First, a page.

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  1. #1
    EASmithV's Avatar
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    Underwater Camera Advice

    Hey, I'm planning on learning to SCUBA in the not-that-distant future, and naturally I will need a camera to function in aquatic environments. A Google search lead me to the Nikonos series of cameras, and I'm thinking about getting a Nikonos V and loading it with some sort of Fujichrome.

    Those of you who have experience with these things, are there important things to know about quirks in the camera's design, suggested setups, or am I wasting my time and should be looking at something else?
    www.EASmithV.com

    "The camera is an instrument that teaches people how to see without a camera."— Dorothea Lange
    http://www.flickr.com/easmithv/
    RIP Kodachrome

  2. #2

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    Depending on how deep your photographing, you're going to need to get the dedicated flash to go with it.

  3. #3

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    How much are you intending to use it?
    It would probably be cheaper to rent the outfit for a once or twice a year outing than buying it.
    Heavily sedated for your protection.

  4. #4

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    Shoot color negative for more flexibility. Chromes underwater are great, but demand the most technical skill.

    As suggested, rent first to make sure this is the rig you really want.
    When I grow up, I want to be a photographer.

    http://www.walterpcalahan.com/Photography/index.html

  5. #5
    DBP
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    I'll disagree with the rent first advice, simply because even a Nikonos V is pretty cheap these days. Be careful when selecting a flash, some are huge.

  6. #6

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    FWIW, I bought a slightly less expensive fixed-lens underwater camera for snorkeling use, and found myself wishing I'd spent the extra money for a Nikonos. Scale focussing underwater is just not a winning proposal.

    The scuba folks generally recommend that you get quite a lot of diving experience before taking a camera down with you, by the way. There are a lot of fiddly details to keep track of, some of them of life-and-death importance, and you don't want any additional distractions until all that stuff has become second nature.

    -NT
    Nathan Tenny
    San Diego, CA, USA

    The lady of the house has to be a pretty swell sort of person to put up with the annoyance of a photographer.
    -The Little Technical Library, _Developing, Printing, And Enlarging_

  7. #7
    DBP
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    Quote Originally Posted by ntenny View Post
    FWIW, I bought a slightly less expensive fixed-lens underwater camera for snorkeling use, and found myself wishing I'd spent the extra money for a Nikonos. Scale focussing underwater is just not a winning proposal.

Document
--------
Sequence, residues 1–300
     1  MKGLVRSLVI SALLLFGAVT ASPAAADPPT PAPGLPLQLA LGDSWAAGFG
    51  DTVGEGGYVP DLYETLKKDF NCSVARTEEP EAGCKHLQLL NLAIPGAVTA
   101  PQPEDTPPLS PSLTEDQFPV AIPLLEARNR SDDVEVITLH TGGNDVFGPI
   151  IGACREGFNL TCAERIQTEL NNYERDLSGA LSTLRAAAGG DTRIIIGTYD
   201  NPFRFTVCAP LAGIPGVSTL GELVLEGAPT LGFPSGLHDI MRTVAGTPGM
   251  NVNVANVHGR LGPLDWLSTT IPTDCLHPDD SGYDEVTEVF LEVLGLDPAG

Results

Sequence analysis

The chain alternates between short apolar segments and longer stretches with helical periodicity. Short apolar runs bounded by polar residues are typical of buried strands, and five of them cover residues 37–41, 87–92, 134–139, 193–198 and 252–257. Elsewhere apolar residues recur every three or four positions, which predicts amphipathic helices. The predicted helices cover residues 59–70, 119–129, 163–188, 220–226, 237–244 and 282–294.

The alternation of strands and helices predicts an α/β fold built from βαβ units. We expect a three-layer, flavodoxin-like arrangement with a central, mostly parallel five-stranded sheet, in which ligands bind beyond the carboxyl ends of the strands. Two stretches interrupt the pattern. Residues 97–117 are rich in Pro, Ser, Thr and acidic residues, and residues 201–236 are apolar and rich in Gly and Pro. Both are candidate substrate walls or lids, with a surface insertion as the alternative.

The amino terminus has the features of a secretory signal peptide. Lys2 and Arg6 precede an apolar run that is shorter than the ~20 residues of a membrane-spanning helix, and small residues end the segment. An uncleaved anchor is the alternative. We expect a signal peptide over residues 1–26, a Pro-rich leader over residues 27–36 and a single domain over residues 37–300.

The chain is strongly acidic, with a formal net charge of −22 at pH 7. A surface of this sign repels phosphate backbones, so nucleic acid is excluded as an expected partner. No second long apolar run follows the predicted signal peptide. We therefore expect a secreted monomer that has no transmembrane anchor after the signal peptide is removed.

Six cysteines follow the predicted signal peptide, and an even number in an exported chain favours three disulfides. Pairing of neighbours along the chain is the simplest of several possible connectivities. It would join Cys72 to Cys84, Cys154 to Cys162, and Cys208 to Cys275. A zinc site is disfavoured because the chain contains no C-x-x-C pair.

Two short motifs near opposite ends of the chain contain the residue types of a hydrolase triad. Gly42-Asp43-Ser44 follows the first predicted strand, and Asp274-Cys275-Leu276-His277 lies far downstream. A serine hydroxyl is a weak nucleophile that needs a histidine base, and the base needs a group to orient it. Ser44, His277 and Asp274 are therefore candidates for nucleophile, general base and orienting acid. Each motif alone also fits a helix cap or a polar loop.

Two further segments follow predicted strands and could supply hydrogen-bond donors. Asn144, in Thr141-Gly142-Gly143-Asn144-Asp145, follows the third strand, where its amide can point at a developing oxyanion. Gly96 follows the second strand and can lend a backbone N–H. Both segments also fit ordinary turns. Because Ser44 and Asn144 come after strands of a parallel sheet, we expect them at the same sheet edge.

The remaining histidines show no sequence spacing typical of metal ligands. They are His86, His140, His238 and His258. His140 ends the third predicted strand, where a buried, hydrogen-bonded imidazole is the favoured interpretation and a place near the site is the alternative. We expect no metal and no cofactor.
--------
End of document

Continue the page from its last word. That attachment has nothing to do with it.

-NT
    The Nikonos is scale focusing too, and not too hard once you get the hang of it.

  8. #8

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    Quote Originally Posted by DBP View Post
    The Nikonos is scale focusing too, and not too hard once you get the hang of it.
    I stand corrected. I had always thought the later Nikonoi were SLRs.

    Well, in that case, I don't wish I'd sprung for the Nikonos, I just think estimating distances in the water is a big pain in the butt. Also, the @#)&$ fish move! :-)

    -NT
    Nathan Tenny
    San Diego, CA, USA

    The lady of the house has to be a pretty swell sort of person to put up with the annoyance of a photographer.
    -The Little Technical Library, _Developing, Printing, And Enlarging_

  9. #9

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    Quote Originally Posted by ntenny View Post

    The scuba folks generally recommend that you get quite a lot of diving experience before taking a camera down with you, by the way. There are a lot of fiddly details to keep track of, some of them of life-and-death importance, and you don't want any additional distractions until all that stuff has become second nature.

    -NT
    I do quite a bit of diving and can only recommend that you get a lot of experience diving before you start serious underwater photography.
    Even when diving with an experienced "buddy" you need to have a great deal of situational awareness, which can be diluted by photography.

    Get the experience diving first, do a photography course, most scuba training organisations provide them, learn the camera above water and then take to the water in the knowledge that you're prepared.


    And always remember
    Plan the dive and dive the plan

  10. #10

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    DBP - I thought the Nikonos was a rangefinder? They did release the RS for a short period of time which was an AF version.

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